"We don't even want to see that," she added, before Guthrie cut her off.
"I know, but you kind of take my breath away with that," Guthrie said. "Because what I hear you saying is that's sort of the best-case scenario."
"The best-case scenario," Birx replied, "would be 100 percent of Americans doing precisely what is required."
On Saturday, Birx's prediction came true, as the number of lives lost to Covid-19 in the U.S. topped 200,000.
Mayor Bill de Blasio announced yet another delay of in-person school for most New York City students Thursday, just days before the re-scheduled restart. Reaction was swift - and mixed, with parents and educators expressing some variation of frustration, concern and relief. There was also confusion.
De Blasio said on MSNBC Friday that as a New York City public school parent, he understands the frustration. But, he says, "We need to get it right."
"We are going to have our schools open for our parents and our kids, that's really what I think matters here,” the mayor said. "Next week there’s going to be almost 90,000 kids in New York City classrooms, the following week hundreds of thousands more. We’re going to be over half a million kids in classrooms in the next few weeks."
He also told MSNBC that while he needs "the health care situation to cooperate," he was confident in the new timeline because of how well New York has fought to keep the virus at bay, such as through social distancing and wearing of masks.
COVID-19 represents the "largest mass fatality incident in modern New York City history," prompting a surge in deaths that more than doubled the total reported to the medical examiner's office over last year, according to a new report from the mayor's office.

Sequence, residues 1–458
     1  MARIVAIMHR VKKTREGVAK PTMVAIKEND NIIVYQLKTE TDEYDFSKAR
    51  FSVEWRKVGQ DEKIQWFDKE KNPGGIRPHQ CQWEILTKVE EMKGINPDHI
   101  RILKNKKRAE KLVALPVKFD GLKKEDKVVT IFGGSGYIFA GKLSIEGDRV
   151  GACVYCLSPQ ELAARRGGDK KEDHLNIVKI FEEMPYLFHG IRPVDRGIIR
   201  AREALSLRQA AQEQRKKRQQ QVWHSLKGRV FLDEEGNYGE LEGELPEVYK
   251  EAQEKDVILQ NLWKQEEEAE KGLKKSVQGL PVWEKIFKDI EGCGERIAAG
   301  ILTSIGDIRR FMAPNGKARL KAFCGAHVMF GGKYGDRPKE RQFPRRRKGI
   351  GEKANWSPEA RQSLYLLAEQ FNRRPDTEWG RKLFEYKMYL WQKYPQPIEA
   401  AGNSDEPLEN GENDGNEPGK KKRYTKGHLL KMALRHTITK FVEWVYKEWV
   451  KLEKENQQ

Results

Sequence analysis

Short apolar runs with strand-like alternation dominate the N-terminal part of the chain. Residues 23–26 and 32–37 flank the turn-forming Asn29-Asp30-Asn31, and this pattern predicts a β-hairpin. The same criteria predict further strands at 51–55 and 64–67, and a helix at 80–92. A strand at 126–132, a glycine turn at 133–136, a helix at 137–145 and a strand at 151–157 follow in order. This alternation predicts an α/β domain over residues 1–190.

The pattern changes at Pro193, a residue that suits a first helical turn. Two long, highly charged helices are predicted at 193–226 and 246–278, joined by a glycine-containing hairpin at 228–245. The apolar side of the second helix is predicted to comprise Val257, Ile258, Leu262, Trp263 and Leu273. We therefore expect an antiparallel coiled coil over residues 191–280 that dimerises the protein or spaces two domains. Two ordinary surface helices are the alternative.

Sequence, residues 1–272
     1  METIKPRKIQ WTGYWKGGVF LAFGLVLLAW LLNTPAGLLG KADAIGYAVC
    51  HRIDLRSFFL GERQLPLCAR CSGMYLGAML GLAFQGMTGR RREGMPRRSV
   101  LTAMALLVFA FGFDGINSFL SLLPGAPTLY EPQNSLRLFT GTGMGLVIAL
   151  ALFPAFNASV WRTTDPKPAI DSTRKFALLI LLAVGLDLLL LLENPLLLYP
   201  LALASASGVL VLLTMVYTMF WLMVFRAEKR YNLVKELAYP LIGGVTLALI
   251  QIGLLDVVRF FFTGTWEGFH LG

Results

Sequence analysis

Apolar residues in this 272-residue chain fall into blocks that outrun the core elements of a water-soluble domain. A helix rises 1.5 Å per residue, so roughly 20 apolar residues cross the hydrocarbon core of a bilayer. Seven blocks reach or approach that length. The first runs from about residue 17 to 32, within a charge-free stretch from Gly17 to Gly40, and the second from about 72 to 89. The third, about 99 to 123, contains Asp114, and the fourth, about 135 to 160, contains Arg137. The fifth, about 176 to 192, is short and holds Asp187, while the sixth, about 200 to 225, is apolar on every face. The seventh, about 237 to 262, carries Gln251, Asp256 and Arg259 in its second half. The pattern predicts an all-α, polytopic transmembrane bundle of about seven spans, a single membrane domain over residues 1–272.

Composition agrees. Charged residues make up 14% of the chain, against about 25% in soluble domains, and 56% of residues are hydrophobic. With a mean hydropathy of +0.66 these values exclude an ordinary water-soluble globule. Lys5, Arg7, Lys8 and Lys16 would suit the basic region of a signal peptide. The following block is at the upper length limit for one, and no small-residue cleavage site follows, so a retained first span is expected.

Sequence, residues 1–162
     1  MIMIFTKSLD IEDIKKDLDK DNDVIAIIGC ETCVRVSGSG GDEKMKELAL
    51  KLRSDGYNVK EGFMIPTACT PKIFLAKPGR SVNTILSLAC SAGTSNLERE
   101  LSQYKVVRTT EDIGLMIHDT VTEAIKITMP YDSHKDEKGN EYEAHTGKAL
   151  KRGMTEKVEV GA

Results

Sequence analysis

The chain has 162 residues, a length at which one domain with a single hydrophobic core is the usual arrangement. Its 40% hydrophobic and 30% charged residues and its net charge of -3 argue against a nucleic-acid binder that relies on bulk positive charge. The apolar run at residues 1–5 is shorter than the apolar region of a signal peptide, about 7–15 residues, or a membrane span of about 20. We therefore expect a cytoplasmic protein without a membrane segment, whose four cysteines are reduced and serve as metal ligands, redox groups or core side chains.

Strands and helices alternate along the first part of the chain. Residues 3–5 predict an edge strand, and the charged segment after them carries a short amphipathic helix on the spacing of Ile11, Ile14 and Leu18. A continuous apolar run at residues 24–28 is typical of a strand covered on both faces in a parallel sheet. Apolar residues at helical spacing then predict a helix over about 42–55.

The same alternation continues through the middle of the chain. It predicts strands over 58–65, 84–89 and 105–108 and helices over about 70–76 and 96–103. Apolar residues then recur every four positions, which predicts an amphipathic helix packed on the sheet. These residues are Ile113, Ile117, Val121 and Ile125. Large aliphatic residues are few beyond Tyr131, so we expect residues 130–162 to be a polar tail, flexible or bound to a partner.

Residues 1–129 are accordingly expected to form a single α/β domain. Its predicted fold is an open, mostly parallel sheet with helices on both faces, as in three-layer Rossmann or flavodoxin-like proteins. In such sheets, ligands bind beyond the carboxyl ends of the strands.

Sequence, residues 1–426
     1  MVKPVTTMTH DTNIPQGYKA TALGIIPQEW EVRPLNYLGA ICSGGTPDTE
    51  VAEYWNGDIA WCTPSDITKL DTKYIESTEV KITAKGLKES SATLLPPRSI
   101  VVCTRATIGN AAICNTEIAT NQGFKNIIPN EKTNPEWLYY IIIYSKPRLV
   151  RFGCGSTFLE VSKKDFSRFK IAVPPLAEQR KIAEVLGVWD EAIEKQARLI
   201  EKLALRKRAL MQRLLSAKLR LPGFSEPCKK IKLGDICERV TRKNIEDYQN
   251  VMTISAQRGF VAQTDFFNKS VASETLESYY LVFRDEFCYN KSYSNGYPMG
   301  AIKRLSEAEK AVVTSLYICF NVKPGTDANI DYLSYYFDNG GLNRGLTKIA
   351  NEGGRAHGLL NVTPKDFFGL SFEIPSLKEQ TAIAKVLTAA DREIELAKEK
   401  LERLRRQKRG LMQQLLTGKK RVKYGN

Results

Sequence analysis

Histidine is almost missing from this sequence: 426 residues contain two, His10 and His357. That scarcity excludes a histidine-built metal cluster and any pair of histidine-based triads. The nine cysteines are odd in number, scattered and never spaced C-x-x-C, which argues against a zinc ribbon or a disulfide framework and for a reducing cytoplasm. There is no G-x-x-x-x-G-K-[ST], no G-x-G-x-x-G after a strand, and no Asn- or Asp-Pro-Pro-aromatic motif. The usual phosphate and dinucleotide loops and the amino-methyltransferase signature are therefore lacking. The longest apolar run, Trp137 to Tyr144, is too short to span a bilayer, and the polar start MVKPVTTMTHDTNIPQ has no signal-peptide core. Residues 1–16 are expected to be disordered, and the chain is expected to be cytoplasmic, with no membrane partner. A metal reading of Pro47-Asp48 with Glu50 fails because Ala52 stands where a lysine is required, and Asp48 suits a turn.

The findings were part of the COVID-19 section of the Mayor's Management Report for Fiscal Year 2020, which was released Thursday.
It said 65,712 deaths have been reported to the medical examiner's this year to date, compared with 30,964 a year earlier. According to city data, 36 percent of those 2020 deaths were either confirmed to be related to COVID-19 or probably linked to it but never confirmed via diagnosis.
U.S. health officials on Friday dropped a controversial piece of coronavirus guidance and said anyone who has been in close contact with an infected person should get tested.
The Centers for Disease Control and Prevention essentially returned to its previous testing guidance, getting rid of language posted last month that said people didn’t need to get tested if they didn't feel sick. That change had set off a rash of criticism from health experts who couldn't fathom why the nation's top public health agency would say such a thing amid the pandemic.
Gov. Andrew Cuomo ripped the Centers for Disease Control and Prevention Friday for reversing controversial testing guidance that said asymptomatic people needn't get tested, tweeting, "That is not enough."
In an attempt to ensure bars and restaurants in areas where college students gather are abiding by COVID health measures, Cuomo also said Friday that the state will increase enforcement efforts around popular establishments frequented by college students.
With outbreaks linked to colleges and universities across the nation, and in the state, "these stepped-up efforts will help keep our students, faculty, staff, and the surrounding communities safe," according to the state.
For months, state officials have been cracking down on bars and restaurants violating public health rules concerning the pandemic. On Friday, New York announced it suspended the liquor licenses for 33 more bars and restaurants throughout the state for failure to adhere to coronavirus-related rules. This last round of suspensions brings the total number of liquor licenses suspended in the state during the coronavirus pandemic to 201.